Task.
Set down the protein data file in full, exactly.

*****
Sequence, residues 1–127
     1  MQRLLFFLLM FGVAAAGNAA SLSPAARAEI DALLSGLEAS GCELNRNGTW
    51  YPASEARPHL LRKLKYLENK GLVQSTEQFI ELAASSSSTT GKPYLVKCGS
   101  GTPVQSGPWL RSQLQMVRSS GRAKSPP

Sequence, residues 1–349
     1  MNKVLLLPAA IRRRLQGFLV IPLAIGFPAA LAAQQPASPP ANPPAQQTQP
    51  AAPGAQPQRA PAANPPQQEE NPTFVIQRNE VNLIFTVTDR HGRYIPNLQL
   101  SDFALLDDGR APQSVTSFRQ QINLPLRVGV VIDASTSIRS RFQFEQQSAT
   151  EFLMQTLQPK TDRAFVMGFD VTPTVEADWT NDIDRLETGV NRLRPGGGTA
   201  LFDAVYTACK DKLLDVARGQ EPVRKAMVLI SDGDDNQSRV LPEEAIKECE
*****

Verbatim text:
Sequence, residues 1–127
     1  MQRLLFFLLM FGVAAAGNAA SLSPAARAEI DALLSGLEAS GCELNRNGTW
    51  YPASEARPHL LRKLKYLENK GLVQSTEQFI ELAASSSSTT GKPYLVKCGS
   101  GTPVQSGPWL RSQLQMVRSS GRAKSPP

Sequence, residues 1–349
     1  MNKVLLLPAA IRRRLQGFLV IPLAIGFPAA LAAQQPASPP ANPPAQQTQP
    51  AAPGAQPQRA PAANPPQQEE NPTFVIQRNE VNLIFTVTDR HGRYIPNLQL
   101  SDFALLDDGR APQSVTSFRQ QINLPLRVGV VIDASTSIRS RFQFEQQSAT
   151  EFLMQTLQPK TDRAFVMGFD VTPTVEADWT NDIDRLETGV NRLRPGGGTA
   201  LFDAVYTACK DKLLDVARGQ EPVRKAMVLI SDGDDNQSRV LPEEAIKECE